SAN DIEGO, March 18, 2015 – The Al Haymon boxing empire invaded two more TV nations today. Haymon Boxing announced Wednesday ESPN would begin televising the “Premier Boxing Champions” series starting in July in a multi-year agreement.
PBC on ESPN will offer 12 two-hour live telecasts, starting on July 11 at 9 p.m. ET. The ESPN shows will air live in primetime. In addition, boxing returns to ABC on Saturday afternoons, although there were no specific details provided yet.
ESPN Deportes, the Spanish language network, will also air the PBC on ESPN cards as part of its “Noche de Combates” series.
What does this mean for ESPN’s “Friday Night Fights”? Wave goodbye. After 17 years on the air, FNF will air its last event on May 22 with the finals of its Boxcino tournament.
When Haymon Boxing announced it would be televising Friday cards on a regular basis, observers wondered what kind of impact the richer resources PBC could offer would mean to the long running Friday series on ESPN. FNF is the minor leagues of boxing, admittedly and proudly so. Would the casual viewer still tune in when bigger names would be offered down the dial at the same time?
In a written statement, ESPN president John Skipper said, “ESPN has a long history of carrying world-class boxing events and the new Premier Boxing Champions series continues our commitment to the sport with premier-level primetime fights previously only available on premium cable networks.”
PBC on ESPN shows will be produced by ESPN. The good news (or the bad, depending on your point of view): the announcing team of Joe Tessitore and Teddy Atlas will move over to the PBC on ESPN to call the fights ringside on Saturdays.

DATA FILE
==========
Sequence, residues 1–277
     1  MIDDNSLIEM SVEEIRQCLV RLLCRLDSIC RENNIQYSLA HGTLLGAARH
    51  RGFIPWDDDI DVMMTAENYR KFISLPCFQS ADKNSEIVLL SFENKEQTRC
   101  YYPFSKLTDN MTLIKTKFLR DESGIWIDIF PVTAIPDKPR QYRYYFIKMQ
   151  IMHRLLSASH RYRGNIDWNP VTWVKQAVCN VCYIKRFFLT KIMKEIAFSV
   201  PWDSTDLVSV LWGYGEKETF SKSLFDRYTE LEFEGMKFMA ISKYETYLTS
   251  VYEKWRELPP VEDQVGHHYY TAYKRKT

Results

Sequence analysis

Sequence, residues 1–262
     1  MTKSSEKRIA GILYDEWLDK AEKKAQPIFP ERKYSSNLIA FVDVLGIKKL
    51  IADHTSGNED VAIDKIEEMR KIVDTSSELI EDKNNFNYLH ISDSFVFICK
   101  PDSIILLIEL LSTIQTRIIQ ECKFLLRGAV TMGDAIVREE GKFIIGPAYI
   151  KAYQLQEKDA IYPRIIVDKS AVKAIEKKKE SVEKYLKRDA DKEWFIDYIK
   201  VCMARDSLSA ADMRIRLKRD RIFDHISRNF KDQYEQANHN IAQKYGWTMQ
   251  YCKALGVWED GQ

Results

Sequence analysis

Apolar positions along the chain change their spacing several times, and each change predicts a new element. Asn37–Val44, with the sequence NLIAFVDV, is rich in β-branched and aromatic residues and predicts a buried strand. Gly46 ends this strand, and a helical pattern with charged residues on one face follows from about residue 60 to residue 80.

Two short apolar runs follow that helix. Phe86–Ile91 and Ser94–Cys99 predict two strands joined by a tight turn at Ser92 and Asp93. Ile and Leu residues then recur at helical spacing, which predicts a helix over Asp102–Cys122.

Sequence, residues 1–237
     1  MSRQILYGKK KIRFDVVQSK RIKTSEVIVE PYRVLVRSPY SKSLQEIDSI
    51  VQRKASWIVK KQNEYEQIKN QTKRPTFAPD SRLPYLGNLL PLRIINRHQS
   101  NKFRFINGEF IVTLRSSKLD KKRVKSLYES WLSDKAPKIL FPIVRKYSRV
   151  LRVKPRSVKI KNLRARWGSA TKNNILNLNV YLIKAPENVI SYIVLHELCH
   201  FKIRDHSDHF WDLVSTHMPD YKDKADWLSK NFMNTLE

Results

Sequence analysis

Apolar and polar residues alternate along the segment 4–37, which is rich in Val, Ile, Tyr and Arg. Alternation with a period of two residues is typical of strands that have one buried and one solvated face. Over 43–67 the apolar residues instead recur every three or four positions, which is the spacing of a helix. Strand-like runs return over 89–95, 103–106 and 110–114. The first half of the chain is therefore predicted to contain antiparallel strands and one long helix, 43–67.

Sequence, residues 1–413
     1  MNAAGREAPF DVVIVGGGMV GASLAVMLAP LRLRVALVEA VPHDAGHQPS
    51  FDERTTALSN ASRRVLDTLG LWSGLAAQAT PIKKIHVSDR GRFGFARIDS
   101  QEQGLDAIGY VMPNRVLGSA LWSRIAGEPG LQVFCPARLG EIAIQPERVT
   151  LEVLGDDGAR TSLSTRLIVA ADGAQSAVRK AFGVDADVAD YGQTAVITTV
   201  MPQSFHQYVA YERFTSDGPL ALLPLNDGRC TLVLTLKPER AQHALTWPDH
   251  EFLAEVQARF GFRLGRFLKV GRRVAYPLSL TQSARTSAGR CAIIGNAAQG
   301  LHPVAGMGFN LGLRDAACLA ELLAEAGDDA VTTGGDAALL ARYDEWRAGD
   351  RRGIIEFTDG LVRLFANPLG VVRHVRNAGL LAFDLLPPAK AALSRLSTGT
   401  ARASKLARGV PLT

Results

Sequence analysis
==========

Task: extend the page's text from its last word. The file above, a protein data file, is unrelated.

ESPN3 will present non-televised undercard bouts and weigh-ins live leading up to the fights. Stories about the fighters and the fights will also be featured on ESPN.com and on SportsCenter.
What type of fights will fans get to see in this new era for ESPN? PBC on ESPN will have access to all of Al Haymon’s stable of 100-plus boxers. Don’t expect to see Floyd Mayweather or even someone like Keith Thurman, but you could see quality competitors who lack general name ID like Danny Garcia or Deontay Wilder. The guys from the dry cleaners who sometimes ended up on FNF should be a thing of the past.
Nevertheless, it is the end of an era for fight fans. At a time when the only other options were attending live, or premium cable, ESPN stuck with boxing. It began televising boxing its first year on the air, in 1980. Boxing had not been aired on a weekly basis on TV since 1964. ESPN’s Friday Night Fights gave the public the first look at some rising stars of boxing. Bouts could be a treasure hunt with some hits and more misses, but it never failed to produce action for the fans week in and week out.
Gayle Lynn Falkenthal, APR, is President/Owner of the Falcon Valley Group in San Diego, California. She is also a serious boxing fan covering the Sweet Science for Communities. Read more Ringside Seat in Communities Digital News. Follow Gayle on Facebook and on Twitter @PRProSanDiego. Gayle can be reached via Google +
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